5 reasons for investing in your people
In 2020, a report by Udemy found that nearly 4 in 10 (38%) of the global workforce had upskilled, a significant uptick compared to just 14% in 2019. This meant that a good proportion of workers were looking to build upon the skills they already had or learn brand-new skills.
The turbulence of the last few years has demonstrated just what an asset a highly skilled workforce can be. Organisations with a focus on continuous learning are better equipped to manage change and uncertainty while also supporting stable growth.
Upskilling can also help meet current business challenges. The employment rate is high, meaning few people are actively looking for work and causing skills gaps to widen even further. New tools and technology create a continuous need for updated technical skills, with new ways of working accelerated by the pandemic demanding new soft skills too.
The world is moving at an incredibly fast pace, and technology and automation undoubtedly reign supreme across the business landscape. According to a report by McKinsey, 50% of work activities in 2017 were technically automatable. Fast-forward five years and this is likely to be a higher percentage. By 2030, up to 800 million people globally could be displaced by automation and 375 million will need to change their occupation.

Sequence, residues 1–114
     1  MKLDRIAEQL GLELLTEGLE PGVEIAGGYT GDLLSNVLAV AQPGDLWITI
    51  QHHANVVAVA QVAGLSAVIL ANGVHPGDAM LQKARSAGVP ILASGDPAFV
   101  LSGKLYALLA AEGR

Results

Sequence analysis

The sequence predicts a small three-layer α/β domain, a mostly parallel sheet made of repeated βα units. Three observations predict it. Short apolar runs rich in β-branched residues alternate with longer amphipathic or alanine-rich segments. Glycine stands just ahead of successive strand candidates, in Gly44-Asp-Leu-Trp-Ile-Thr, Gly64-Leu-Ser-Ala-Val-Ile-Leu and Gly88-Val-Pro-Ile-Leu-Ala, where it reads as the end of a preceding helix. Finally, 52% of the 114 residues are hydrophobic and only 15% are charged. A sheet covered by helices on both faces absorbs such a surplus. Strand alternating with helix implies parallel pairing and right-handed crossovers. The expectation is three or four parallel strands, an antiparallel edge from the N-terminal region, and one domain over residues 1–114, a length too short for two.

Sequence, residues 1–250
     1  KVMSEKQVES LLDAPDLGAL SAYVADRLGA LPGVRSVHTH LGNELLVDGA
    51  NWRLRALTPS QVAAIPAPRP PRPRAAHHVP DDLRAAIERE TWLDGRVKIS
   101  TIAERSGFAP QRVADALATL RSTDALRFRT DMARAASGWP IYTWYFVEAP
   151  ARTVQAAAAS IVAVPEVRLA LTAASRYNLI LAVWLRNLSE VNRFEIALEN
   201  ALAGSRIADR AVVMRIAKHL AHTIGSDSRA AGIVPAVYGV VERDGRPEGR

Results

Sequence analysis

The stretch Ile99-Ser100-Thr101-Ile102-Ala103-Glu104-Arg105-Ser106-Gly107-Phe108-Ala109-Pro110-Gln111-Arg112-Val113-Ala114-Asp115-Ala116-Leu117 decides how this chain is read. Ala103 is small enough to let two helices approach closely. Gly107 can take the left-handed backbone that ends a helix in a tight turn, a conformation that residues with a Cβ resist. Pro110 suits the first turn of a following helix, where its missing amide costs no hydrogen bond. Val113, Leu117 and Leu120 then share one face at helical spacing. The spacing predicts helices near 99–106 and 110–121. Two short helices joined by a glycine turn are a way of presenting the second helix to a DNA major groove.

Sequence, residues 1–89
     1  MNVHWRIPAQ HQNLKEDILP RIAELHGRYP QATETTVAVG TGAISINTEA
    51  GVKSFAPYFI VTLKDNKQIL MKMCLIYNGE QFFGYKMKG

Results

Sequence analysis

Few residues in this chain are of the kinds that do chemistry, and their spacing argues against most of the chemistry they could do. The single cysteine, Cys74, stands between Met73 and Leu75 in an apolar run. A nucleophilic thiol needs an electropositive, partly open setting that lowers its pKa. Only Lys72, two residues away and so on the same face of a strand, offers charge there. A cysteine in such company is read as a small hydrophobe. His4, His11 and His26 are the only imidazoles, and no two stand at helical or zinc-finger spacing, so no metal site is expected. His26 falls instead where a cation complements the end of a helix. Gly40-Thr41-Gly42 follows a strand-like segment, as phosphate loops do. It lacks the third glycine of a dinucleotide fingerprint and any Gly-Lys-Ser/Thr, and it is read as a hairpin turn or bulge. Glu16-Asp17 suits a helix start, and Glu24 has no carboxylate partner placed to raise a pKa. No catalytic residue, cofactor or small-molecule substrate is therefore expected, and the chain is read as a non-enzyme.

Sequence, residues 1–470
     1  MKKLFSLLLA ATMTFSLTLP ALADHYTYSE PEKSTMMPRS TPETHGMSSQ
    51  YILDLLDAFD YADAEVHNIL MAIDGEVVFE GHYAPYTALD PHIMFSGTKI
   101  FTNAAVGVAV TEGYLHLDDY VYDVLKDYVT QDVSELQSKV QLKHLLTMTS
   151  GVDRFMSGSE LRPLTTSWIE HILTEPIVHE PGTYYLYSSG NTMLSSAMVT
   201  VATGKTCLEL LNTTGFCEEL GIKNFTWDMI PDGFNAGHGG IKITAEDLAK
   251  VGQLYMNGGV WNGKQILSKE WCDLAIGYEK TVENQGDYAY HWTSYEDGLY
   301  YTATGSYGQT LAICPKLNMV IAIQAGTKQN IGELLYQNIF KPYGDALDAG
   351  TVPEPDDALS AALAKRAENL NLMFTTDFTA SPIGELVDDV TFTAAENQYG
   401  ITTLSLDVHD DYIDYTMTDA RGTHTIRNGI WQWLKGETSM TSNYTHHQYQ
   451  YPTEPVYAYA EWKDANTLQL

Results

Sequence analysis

2030 may feel like a while away but the effects of skills gaps are already being felt by organisations all over the world. According to the 2022 LinkedIn learning survey, 46% of learning and development professionals say that the skills gap is wider in their organisation compared to the previous year.
To remain ahead of the competition, teams must be highly skilled in technologies and tools that enable them to evolve with the rapid rate of change required. Regular investment in upskilling from leaders will ensure a prepared and ready business that is futureproofed.
Of course, upskilling isn’t just applicable to technical skills. A thriving organisation also looks to improve its knowledge and understanding of non-technical and interpersonal skills and assets, especially in times of change.
Diversity, Equity, and Inclusion (DE&I)
The business case for practising good DE&I within an organisation has been made time and again. Indeed, as the years have gone by, the statistics have only become clearer, with those businesses that create diverse and inclusive cultures more likely to outperform their more homogenous competitors.
However, good organisational DE&I isn’t something that can happen overnight. It takes commitment, time, learning and understanding. Upskilling in this area has become a key goal for businesses globally. 45% of learning and development programs being deployed in 2022 are centred around DE&I, compared to only 34% in 2021.
Health and wellbeing
According to the World Health Organisation, the COVID-19 pandemic triggered a 25% increase in the prevalence of anxiety and depression worldwide. In March 2020, 46% of UK workers felt more prone to extreme levels of stress compared to the year prior. Between 2021 and 2022, 70% of workers across seven countries suffered with burnout. Now, the lasting effects of this loom over the business landscape with the total annual cost of mental ill health having increased by 25% since 2019.